You are warmly invited to a National Conference (featuring Australian and international speakers) to consider how policy can be made better for, with, and by First Nations peoples. The Conference will bring together diverse perspectives from the fields of research, policy, and practice and engage participants through a variety of forums and participatory sessions. This special event will also showcase Aboriginal and Torres Strait Islander cultural contributions to film, literature, art, dance, astronomy / astro-physics and music.
This national event will be held on December 8th-11th in the 31st year of the Centre for Aboriginal Economic Policy Research (CAEPR). Having been at the forefront of policy research for three decades, CAEPR is inviting you to contribute to a new narrative and discourse, as we reflect on the past thirty years and envision our future.
This Conference comes at a time of deep deliberation about the concept of 'voice' and First Nations place in Australia's national affairs.
Conference themes and streams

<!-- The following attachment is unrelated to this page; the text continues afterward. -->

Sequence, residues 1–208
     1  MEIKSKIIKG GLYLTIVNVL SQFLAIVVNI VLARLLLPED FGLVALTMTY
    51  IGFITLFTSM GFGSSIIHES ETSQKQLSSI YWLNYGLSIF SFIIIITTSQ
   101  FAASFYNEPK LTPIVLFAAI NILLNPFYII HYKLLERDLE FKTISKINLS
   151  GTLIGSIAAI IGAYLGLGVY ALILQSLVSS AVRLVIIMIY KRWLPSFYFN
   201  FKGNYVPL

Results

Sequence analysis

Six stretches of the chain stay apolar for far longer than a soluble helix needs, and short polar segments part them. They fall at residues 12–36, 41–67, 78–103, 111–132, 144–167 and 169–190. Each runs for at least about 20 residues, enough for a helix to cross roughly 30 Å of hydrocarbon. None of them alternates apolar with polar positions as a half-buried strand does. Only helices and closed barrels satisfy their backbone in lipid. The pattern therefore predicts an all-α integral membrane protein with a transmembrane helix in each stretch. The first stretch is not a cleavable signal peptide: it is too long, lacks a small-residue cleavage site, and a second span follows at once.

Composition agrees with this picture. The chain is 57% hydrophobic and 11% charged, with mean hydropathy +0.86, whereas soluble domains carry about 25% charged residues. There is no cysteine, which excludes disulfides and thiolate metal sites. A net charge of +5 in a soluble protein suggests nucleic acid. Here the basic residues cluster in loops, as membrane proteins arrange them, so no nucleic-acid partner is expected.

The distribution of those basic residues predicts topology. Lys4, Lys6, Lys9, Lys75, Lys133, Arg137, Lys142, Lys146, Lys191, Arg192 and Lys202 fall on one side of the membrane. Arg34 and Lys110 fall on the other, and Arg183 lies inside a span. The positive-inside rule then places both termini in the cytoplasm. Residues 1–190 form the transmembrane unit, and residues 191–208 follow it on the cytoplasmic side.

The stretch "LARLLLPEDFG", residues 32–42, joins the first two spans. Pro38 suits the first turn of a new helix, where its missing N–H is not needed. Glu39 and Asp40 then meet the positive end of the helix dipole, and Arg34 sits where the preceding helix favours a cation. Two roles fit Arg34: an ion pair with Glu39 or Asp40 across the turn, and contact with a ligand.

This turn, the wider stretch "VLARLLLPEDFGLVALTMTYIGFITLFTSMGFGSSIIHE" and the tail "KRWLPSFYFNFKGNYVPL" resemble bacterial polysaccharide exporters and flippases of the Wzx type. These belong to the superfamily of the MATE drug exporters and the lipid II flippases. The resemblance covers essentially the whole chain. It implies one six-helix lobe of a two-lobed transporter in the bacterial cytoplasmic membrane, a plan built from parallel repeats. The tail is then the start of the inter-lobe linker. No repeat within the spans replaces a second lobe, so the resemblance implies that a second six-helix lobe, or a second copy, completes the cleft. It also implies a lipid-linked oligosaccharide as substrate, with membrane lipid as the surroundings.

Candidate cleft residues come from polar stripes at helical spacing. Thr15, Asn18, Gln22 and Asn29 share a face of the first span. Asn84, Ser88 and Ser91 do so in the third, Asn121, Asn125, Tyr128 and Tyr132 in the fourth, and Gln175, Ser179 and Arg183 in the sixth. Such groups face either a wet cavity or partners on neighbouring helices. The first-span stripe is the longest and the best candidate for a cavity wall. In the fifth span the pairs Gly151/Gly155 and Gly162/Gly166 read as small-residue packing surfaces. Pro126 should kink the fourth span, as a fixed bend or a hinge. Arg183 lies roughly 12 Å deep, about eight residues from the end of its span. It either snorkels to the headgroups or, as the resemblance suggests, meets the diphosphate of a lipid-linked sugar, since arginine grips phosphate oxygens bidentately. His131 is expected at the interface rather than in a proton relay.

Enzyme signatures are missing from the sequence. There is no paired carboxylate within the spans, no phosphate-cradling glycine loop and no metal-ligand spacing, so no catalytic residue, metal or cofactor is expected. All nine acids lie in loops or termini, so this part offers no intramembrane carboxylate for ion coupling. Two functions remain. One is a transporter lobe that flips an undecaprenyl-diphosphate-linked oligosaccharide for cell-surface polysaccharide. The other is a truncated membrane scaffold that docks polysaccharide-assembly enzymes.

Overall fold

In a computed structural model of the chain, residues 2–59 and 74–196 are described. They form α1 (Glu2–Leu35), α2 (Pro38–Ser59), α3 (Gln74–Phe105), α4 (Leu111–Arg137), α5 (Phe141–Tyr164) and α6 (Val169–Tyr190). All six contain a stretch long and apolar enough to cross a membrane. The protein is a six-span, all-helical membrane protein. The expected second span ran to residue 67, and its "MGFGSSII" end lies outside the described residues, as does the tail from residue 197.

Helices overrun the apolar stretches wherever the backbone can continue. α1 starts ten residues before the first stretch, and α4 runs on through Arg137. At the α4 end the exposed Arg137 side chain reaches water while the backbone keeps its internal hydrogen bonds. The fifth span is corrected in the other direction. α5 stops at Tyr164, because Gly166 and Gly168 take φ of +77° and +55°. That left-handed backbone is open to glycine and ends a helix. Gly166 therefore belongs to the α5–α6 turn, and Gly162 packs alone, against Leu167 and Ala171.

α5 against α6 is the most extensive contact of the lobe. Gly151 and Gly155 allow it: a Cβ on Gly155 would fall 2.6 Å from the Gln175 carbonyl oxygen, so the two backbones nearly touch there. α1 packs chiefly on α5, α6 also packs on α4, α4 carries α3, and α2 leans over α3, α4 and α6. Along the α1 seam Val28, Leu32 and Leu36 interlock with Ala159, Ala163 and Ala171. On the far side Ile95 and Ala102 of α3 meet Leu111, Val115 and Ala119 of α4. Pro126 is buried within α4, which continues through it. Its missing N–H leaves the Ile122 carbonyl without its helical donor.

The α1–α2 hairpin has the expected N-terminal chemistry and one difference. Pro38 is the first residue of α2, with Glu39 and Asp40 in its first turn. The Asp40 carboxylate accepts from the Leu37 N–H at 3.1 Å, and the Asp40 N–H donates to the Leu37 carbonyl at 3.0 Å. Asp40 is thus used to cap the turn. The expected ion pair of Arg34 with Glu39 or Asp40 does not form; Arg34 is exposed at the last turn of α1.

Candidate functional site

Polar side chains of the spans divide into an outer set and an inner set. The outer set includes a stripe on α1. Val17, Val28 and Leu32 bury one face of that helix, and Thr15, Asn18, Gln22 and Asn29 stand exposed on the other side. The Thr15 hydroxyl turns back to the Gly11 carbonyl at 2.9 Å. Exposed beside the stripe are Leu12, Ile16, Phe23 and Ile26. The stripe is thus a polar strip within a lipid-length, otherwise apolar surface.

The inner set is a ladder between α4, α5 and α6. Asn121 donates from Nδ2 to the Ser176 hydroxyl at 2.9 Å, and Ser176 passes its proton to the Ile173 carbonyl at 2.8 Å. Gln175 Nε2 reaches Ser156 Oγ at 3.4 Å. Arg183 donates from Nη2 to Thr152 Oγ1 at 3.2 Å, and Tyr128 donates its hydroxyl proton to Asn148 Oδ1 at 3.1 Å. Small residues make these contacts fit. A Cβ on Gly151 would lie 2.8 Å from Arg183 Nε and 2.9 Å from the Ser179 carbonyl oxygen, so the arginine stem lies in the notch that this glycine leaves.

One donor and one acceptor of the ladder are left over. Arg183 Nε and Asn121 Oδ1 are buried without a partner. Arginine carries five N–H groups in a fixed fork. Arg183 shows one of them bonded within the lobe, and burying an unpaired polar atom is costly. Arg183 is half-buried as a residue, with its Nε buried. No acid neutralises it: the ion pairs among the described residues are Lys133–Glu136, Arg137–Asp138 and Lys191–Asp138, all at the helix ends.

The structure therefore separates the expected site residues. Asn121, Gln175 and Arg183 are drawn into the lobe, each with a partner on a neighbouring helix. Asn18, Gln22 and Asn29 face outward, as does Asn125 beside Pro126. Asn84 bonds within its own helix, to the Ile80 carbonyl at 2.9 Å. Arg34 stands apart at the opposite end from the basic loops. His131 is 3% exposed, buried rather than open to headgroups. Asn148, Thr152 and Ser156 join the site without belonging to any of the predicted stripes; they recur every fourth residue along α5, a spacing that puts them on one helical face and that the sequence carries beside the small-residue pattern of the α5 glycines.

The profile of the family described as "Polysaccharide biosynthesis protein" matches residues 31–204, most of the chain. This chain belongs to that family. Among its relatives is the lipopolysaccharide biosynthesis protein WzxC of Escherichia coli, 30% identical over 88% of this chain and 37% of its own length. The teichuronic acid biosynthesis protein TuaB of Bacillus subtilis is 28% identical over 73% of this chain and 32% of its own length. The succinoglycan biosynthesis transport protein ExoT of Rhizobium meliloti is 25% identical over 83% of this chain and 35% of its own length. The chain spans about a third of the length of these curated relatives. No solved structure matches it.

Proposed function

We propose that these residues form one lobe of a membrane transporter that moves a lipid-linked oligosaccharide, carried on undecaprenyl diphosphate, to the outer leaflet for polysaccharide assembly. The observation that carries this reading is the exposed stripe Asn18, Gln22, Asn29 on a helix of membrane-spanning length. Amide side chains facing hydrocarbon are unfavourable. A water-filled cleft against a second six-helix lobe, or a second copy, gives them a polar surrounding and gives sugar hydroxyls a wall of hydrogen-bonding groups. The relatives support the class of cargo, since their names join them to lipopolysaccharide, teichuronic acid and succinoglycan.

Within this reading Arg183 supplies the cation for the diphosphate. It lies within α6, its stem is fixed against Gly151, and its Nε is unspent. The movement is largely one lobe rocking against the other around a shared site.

The Conference has three themes:
- Country: to explore how policy development can better reflect the diversity, Aboriginal and Torres Strait Islander ways of knowing, being, doing and opportunities of 'Country' as understood by First Nations peoples and others. For example, do First Nations peoples have the answers to better land, fire, and water management practices? Is Country the answer to wellbeing?
- Livelihoods: to consider past, present and future Aboriginal and Torres Strait Islander livelihoods from the perspectives of economy, employment, wellbeing, and place development. What does a life well lived for an Aboriginal and Torres Strait person mean? What are our current policy assumptions? Whose voices are heard and engaged with in shaping policies as they relate to livelihoods? Which voices are being unlistened to?
- Political settlement: to examine how self-determination and sovereignty might gain greater traction in Australia? Are 'Voice' and 'Treaty' the only answers? What could they contribute? How do we reflect the diverse possibilities of First Peoples, time, and place?
As part of the conference, ANU will be hosting a small-scale festival of culture and connection, story and art. Drawing on Aboriginal and Torres Strait Islander cultural expressions and knowledges through music, dance, stories, film, language, science and art (including the many cultural treasures that reside in ANU), the festival will allow participants to engage in deep reflection and conversations about our collective stories, relationships, connections, custodianship of cultural spaces and possibilities.
- Call for Presentations Opens - Early July 2021
- Participant Registration Opens - August 2021